sasThankfully, there were no incidents when we were in Nyanga today. With one exception. There was a man who was sitting outside his orange/potato stall in a side alley in the township. He insisted on speaking to the only white (American) girl in our team and proceeded to ask her what he should do with the box of Choice condoms he had been handed. Janie (the American girl, MPH student from Brown University) responded that the man should distribute the condoms when he sells his produce and tell people about practicing safe sex. The man laughed at her, saying that when he packed up his cart and left for the day, he would not take the condoms with him because they were not his property. We did not know what he meant by this…perhaps he felt he did not own the condoms because they were from the Government, or because he did not pay for them. After a little more back-and-forth, he decided that he would distribute the condoms and spread the word about safe sex if we bought some oranges from his stall. We complied with his wishes, hoping he would stay true to his word.

After our conversation with the (somewhat) angsty man, we continued walking through the winding side paths between the silver, tin shacks. We had only 3 boxes of condoms between the 8 of us now, and we hoped that we had managed to cover most of the area. I was walking behind the group, watching my step so as to avoid the rubble, metal, glass and wire embedded or sticking out of the grey sand. I turned a corner, and looked up. In front of me, sprawled out as far as my eye could see were about 700 tin shacks, in a 5km radius around me. As I took in my surroundings, I saw women cautiously venturing out of their homes to ask for condoms. I was overwhelmed by the need in the area…not only for male and female condoms (both of which we had run out of), but also for primary health care, clean living conditions and clean water. It was hard to believe that 3km away, in Gugulethu, there were brick houses, roads full of cars, street lamps, and a functioning sewage system.

I was taken aback by the overwhelming need for resources in Nyanga. I had grown up in Johannesburg and frequently visited schools and orphanages in the surrounding townships (Soweto, Alex, etc), yet I had never seen conditions like those in Nyanga. The shack townships in Cape Town are the result of a political debacle in national government. You see, the cities of Johannesburg and Durban fall under the jurisdiction of the ANC (the liberal party that has been in office since the first democratic election in 1994), while the city of Cape Town falls under the jurisdiction of the DA (the conservative party that was in power during Apartheid). There are minimal shacks in Johannesburg and Durban (under the ANC), yet there is an overwhelming number of people living in shacks in Cape Town. This political issue is only further exacerbated by a large influx of illegal immigrants, foreigners (looking for employment in lucrative tourist trades in Cape Town), and family members of Cape Town locals. It is rumored that the DA will not provide better living conditions and resources for people living in townships because that portion of the population supports the ANC. I do not know how true this is…to my knowledge, the national budget has been allocated to RDP changes all over the country.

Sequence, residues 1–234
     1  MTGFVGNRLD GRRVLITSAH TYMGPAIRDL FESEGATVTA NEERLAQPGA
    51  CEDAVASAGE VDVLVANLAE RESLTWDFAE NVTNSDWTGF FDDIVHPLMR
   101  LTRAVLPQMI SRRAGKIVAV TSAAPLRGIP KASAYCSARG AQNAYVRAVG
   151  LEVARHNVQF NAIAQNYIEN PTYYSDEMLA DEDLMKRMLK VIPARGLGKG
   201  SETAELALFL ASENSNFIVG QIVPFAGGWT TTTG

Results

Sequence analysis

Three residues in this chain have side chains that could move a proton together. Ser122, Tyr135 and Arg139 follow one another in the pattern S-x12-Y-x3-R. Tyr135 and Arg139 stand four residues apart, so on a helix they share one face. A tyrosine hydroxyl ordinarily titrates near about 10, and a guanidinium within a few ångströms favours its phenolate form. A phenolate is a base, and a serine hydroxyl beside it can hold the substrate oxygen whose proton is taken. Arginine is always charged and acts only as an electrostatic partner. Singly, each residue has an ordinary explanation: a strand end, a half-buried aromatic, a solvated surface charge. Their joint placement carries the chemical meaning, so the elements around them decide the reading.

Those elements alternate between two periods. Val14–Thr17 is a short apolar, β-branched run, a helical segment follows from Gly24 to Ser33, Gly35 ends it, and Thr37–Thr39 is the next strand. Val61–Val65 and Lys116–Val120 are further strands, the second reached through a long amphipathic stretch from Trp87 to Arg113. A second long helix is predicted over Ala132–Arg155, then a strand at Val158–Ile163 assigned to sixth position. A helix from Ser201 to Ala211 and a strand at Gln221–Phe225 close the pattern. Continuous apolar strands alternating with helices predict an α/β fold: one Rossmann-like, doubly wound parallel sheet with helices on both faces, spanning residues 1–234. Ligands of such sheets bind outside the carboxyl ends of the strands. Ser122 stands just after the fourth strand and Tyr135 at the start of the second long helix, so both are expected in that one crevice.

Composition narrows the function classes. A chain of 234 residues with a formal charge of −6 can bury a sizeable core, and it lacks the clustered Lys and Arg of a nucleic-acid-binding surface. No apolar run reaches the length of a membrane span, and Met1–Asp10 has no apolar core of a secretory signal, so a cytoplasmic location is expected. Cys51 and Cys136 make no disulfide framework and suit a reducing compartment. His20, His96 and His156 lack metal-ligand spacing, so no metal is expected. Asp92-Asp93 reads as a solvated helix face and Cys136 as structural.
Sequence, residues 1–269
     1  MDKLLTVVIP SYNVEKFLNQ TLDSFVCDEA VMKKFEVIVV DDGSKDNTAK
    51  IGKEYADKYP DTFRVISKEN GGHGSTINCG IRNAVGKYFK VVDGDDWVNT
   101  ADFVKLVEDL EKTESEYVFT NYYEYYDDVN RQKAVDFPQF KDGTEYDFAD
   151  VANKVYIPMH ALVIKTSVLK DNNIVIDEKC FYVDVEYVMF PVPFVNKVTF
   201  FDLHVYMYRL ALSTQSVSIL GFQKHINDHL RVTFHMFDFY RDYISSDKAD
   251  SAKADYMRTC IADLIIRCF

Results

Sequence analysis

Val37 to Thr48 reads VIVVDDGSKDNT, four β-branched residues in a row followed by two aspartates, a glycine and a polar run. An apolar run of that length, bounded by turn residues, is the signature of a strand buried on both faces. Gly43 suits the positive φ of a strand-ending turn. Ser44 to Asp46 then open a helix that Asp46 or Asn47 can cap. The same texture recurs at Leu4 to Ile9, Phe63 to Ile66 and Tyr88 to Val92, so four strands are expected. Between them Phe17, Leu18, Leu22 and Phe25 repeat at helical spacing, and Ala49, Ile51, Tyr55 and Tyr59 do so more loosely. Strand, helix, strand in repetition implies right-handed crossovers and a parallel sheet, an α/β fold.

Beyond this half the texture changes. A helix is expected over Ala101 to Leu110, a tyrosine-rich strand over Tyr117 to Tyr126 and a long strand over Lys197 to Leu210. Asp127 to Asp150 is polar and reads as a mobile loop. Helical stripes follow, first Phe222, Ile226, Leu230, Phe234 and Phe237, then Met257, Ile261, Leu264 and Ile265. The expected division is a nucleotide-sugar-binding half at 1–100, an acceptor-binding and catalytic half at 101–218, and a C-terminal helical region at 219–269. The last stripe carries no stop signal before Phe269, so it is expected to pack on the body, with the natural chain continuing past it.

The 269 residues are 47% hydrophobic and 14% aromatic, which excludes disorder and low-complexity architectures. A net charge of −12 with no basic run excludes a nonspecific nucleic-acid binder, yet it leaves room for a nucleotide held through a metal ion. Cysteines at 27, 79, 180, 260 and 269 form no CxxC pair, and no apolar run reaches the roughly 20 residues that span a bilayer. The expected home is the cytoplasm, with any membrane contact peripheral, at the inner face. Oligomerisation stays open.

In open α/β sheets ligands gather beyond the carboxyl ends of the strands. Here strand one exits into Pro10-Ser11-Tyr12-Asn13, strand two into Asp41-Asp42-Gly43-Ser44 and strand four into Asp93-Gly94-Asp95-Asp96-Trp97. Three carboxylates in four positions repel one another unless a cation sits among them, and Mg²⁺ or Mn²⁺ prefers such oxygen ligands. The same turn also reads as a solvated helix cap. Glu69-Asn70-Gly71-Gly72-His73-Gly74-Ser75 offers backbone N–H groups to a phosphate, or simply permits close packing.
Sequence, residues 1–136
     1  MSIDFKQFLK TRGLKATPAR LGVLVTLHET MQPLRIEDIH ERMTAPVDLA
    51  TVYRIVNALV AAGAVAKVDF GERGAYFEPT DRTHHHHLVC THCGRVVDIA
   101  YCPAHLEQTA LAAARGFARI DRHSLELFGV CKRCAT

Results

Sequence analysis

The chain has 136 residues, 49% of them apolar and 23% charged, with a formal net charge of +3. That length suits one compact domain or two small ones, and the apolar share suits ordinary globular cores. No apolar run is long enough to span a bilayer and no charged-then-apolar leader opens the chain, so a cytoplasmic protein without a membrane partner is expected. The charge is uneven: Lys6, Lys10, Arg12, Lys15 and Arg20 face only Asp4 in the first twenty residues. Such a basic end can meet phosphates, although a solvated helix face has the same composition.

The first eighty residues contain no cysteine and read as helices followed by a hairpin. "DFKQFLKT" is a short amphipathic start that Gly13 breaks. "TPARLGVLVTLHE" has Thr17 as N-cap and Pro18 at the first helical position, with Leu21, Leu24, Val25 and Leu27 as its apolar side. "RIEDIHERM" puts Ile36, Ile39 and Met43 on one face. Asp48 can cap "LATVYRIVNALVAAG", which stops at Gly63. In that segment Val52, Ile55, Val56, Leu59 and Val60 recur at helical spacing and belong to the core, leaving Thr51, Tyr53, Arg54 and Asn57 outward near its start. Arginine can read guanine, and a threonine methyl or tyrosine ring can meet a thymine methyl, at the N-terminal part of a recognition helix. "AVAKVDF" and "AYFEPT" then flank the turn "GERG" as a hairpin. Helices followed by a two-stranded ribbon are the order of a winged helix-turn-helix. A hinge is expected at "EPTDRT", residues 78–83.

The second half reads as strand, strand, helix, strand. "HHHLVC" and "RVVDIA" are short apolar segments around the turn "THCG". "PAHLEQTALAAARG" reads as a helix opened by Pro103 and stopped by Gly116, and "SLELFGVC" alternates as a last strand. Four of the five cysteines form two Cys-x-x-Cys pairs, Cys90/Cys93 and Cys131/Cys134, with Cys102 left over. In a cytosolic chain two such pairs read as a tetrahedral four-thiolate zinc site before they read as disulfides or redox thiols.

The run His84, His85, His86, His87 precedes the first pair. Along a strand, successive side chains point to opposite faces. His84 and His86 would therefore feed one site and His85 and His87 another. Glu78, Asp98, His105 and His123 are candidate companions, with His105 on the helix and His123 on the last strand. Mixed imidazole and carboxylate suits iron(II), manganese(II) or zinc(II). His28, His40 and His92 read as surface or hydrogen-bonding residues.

On the way back to the Sonke Center, the 8 of us sat in Sonke’s taxi, eating deliciously sweet oranges, letting the blaring South African dance-music wash over us. There was silence in the taxi – a kind of common shock…everyone was preoccupied with their thoughts, mulling over our time in the Nyanga township.

Click here for a video taken by Sasheenie of the streets of Nyanga, South Africa.